{
  local dump_file=$1
  local remote_db_name=$2

  echo "Dumping ${remote_db_name} to ${dump_file}"
  pg_dump -h 127.0.0.1 -p 9999 -U $remote_db_name -Fc -c -f $dump_file $remote_db_name
}

recreate_dev_database() {
  local app_name=$1

  echo "Bringing down ${app_name} and recreating its database"
  sudo pkill -SIGTERM -f ${app_name}_development

  bundle check
  if [ $? != 0 ]; then
    echo 'Running bundle install'
    bundle install
  fi
  bundle exec rake db:drop db:create
}

restore_dev_database()
{
  local app_name=$1
  local dump_file=$2

  echo "Restoring ${app_name} databse from ${dump_file}"
  pg_restore -O -x -n public -d ${app_name}_development $dump_file
}

migrate_and_prepare_test() {
  echo "Migrating the database and preparing test"
  bundle exec rake db:migrate db:test:prepare
}

restore_dev_from_staging()
{
  local app_name=$1
  local remote_db_name=$2
  local dump_file=/tmp/${app_name}-${TIMESTAMP}.dmp
  cd $HOME/src/$app_name

  echo ''
  dump_remote_database $dump_file $remote_db_name
  recreate_dev_database $app_name
  restore_dev_database $app_name $dump_file
  migrate_and_prepare_test
}

display_options() {
  local index=0
  echo "Please select which applications you'd like to replace"
  echo ''
  echo "    ${index}: all"
  for app in ${APPS[@]}; do
    index=$[index + 1]
    echo "    ${index}: $app"
  done
  echo ""
  echo "e.g. 1,2"
  echo ""
  read -e -p '> ' APP_NUMBERS
}

prompt_for_sudo_passwd() {
  echo "Enter your system password"
  sudo ls >/dev/null
}

APPS=('icispatients' 'icisstaff' 'snowflake', 'cronos', 'bouncah')
display_options

read -e -s -p 'Enter the pg password for staging:' pgpassword
export PGPASSWORD=$pgpassword

echo ''
echo ''
echo 'Please wait while we connect to staging'
source ~/.bashrc
ssh $BASTION_SERVER_IP -L 9999:$DB_SERVER:5432 -N &
sleep 8

prompt_for_sudo_passwd

TIMESTAMP=`date "+%Y-%m-%d---%H-%M"`

if [[ "${APP_NUMBERS}" =~ [10]+ ]]; then
  restore_dev_from_staging 'icispatients' 'patients_staging'
fi

if [[ "${APP_NUMBERS}" =~ [20]+ ]]; then
  restore_dev_from_staging 'icisstaff' 'icis_staging'
fi

if [[ "${APP_NUMBERS}" =~ [30]+ ]]; then
  restore_dev_from_staging 'snowflake' 'snowflake_staging'
fi

if [[ "${APP_NUMBERS}" =~ [40]+ ]]; then
  restore_dev_from_staging 'cronos' 'cronos_staging'
fi

if [[ "${APP_NUMBERS}" =~ [50]+ ]]; then
  restore_dev_from_staging 'bouncah' 'bouncah_staging'
fi

kill %1

Environment files (problem 4)

We can ensure our team has the correct environment variables for your app/service by copying them from boxen into your projects .env file. By creating the file modules/projects/files/<project>/dotenv in your Boxen repo it will automatically copy it into ~/src/<project>/.env

Bringing up the services (problem 5).

Now that our machines all have the services installed in the same location we can get to work on automating starting up the suite.

For this I use tmux and the tmuxinator gem. Tmux provides pane, window, and session management. Check out Thoughtbot’s A tmux Crash Course post for quick intro to tmux. Tmuxinator provides a easy (and programmable) way to manage complex tmux sessions.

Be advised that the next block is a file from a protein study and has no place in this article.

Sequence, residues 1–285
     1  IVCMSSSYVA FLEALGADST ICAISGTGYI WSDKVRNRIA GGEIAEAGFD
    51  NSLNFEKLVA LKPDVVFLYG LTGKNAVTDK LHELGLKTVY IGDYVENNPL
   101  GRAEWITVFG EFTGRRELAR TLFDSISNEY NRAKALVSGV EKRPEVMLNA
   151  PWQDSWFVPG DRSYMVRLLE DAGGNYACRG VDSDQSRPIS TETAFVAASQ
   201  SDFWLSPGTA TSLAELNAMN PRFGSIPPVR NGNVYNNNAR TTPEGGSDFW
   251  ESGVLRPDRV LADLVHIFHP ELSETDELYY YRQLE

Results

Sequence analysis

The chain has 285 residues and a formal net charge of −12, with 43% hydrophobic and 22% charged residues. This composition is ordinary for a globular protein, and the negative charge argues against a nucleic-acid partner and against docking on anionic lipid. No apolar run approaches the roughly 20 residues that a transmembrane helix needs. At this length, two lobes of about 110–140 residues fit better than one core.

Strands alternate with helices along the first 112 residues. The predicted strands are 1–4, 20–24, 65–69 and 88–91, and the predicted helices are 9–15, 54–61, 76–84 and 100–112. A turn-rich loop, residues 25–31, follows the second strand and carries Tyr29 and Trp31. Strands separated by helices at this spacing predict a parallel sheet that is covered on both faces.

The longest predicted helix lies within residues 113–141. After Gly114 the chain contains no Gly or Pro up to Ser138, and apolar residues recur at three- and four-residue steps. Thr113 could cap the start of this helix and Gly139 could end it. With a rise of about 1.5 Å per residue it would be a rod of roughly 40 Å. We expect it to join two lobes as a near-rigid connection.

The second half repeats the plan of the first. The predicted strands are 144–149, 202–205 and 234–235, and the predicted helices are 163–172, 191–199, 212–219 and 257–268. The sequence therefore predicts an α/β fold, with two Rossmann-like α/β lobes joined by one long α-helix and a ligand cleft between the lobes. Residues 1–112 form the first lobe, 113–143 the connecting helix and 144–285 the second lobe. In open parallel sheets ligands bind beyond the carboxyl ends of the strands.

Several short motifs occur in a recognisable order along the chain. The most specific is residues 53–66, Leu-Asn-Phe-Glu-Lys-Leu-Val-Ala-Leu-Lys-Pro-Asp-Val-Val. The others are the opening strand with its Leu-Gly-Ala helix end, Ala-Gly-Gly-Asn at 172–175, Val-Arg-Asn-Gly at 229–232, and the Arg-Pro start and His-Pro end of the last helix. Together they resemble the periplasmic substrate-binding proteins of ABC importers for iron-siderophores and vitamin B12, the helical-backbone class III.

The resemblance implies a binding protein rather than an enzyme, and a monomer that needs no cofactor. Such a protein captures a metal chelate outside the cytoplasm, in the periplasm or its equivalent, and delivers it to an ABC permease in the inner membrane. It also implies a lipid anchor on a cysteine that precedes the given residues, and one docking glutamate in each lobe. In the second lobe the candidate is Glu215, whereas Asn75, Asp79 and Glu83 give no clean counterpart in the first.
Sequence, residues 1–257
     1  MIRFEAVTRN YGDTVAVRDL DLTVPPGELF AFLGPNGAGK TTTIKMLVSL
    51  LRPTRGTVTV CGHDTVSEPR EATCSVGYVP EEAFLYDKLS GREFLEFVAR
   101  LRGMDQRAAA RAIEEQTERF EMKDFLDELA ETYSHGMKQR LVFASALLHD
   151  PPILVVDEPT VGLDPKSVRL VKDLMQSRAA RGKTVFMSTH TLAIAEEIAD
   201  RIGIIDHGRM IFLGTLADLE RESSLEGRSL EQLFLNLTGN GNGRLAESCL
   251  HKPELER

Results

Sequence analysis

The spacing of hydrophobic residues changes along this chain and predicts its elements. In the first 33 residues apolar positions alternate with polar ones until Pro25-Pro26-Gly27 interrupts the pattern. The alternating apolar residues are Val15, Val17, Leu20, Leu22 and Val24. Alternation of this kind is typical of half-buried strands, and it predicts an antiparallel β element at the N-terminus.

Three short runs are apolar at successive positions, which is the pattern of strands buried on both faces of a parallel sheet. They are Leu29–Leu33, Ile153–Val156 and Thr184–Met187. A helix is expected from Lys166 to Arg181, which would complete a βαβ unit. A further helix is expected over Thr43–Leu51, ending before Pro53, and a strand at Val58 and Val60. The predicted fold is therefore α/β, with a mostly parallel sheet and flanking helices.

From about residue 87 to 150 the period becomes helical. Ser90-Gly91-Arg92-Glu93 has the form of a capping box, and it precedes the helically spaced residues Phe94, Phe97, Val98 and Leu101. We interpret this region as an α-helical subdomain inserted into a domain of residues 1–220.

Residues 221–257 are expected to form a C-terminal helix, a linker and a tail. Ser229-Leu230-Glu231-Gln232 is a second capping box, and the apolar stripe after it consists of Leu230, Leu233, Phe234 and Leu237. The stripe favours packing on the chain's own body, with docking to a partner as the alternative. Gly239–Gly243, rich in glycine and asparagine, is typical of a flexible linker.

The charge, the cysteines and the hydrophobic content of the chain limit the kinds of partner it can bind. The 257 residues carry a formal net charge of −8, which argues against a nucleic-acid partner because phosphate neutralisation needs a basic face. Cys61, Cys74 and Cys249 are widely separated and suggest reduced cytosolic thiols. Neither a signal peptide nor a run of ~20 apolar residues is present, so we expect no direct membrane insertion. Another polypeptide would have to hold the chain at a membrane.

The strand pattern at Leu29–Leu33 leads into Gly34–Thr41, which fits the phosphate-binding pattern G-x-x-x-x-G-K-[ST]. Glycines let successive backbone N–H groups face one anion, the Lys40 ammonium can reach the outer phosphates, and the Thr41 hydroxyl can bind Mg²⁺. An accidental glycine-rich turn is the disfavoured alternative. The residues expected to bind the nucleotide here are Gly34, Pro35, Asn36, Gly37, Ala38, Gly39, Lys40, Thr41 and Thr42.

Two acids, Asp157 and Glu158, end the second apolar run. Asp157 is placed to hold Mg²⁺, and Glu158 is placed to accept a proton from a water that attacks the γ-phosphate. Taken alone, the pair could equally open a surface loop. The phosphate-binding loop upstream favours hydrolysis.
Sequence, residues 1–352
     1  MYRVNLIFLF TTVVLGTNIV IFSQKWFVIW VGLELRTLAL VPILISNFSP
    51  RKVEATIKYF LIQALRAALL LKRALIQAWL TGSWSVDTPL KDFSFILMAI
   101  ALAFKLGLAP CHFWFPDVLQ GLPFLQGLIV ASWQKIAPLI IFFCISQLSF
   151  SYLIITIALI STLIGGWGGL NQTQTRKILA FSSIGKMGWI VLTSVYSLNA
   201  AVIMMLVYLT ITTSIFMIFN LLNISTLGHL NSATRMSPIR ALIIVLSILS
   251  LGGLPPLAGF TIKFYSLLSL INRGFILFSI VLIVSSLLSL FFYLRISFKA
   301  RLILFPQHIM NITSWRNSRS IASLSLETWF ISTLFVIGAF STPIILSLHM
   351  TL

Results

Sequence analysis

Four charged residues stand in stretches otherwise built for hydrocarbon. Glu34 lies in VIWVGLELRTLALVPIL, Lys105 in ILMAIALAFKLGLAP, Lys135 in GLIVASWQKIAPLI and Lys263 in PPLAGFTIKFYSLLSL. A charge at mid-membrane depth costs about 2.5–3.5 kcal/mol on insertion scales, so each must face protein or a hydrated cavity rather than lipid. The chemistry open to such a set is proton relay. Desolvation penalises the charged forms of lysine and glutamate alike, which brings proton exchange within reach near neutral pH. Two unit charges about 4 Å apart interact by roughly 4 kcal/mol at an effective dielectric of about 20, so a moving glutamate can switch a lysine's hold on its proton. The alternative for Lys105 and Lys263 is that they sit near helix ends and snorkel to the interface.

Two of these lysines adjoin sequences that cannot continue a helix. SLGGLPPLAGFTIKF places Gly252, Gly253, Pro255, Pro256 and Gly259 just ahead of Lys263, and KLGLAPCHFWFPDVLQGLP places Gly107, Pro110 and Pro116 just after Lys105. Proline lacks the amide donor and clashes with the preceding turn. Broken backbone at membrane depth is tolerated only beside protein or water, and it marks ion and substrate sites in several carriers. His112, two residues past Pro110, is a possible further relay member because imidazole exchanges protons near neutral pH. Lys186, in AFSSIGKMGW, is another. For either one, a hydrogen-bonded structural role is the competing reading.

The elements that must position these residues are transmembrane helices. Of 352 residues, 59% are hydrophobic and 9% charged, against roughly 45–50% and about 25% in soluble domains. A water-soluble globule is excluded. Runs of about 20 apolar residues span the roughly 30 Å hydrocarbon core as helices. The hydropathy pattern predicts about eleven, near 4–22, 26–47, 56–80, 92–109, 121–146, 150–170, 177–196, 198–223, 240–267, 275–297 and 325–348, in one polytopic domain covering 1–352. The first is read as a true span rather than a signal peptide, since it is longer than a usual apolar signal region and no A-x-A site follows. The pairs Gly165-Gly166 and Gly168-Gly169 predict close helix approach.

With tmuxinator installed (gem install tmuxinator) we can create different configurations for different setups. I have an ‘icis’ configuration to launch our suite. The image above shows it running. I simply type mux icis and it launches a tmux session names ‘icis’, creates the windows and panes that I have defined, and runs and commands I have specified.

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# ~/.tmuxinator/icis.yml
name: icis
root: ~/src/
windows:
  - staff:
      layout: main-horizontal
      panes:
        - cd ~/src/icisstaff; bundle check || bundle; foreman start
        - cd ~/src/icisstaff; tail -f ~/src/icisstaff/log/development.log
  - snowflake:
      layout: main-horizontal
      panes:
        - cd ~/src/snowflake; bundle check || bundle; foreman start
        - cd ~/src/snowflake; tail -f ~/src/snowflake/log/development.log
  - patients:
      layout: main-horizontal
      panes:
        - cd ~/src/icispatients; bundle check || bundle; foreman start
        - cd ~/src/icispatients; tail -f ~/src/icispatients/log/development.log
  - cronos:
      layout: main-horizontal
      panes:
        - cd ~/src/cronos; bundle check || bundle; foreman start
        - cd ~/src/cronos; tail -f ~/src/cronos/log/development.log
  - secret:
      layout: main-horizontal
      panes:
        - cd ~/src/secret_service; bundle check || bundle; PORT=5003 foreman start
        - cd ~/src/secret_service; tail -f ~/src/secret_service/log/development.log
  - dev:
      layout: main-horizontal
      panes:
        - cd ~/src/icispatients;

If I detatch from the tmux session, I can just reattach by typing mux icis again. This will not launch things again just bring me back to where I was. I have many tmuxinator setups. Each one launches in its own session and I have a nice key combo to list/switch between them.

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ls ~/.tmuxinator/
bouncah.yml   html_css.yml  ptz.yml
go.yml        icis.yml      scripts/
haskell.yml   ir_ptz.yml

I have customzied my tmux commands to make working within tmux even more awesome.

In closing

I am sure your configuration is unique to your organization but I hope that you can take some of these ideas and make the development process friendlier for your team (or just for yourself).

There is definitely an upfront cost moving to a system like Boxen but it pays off in the long run. Similarly ramping up on tmux can take a little time too but I’d be lost without it today.

I also think this is a valuable setup even if you do not have SOA. If you have a number of different applications you can simply have a tmuxinator configuration file for each one.

Note: I also use Powerline to make the tmux info bar a little prettier (i.e. displays the session and window names, and highlight the active window)

Where our service names come from

1. Salk: in honor of Jonas Salk.

2. Snowflake: We are all unique individuals after all.

3. Bouncah: A Boston pronunciation of bouncer. Only allowing in the eligible.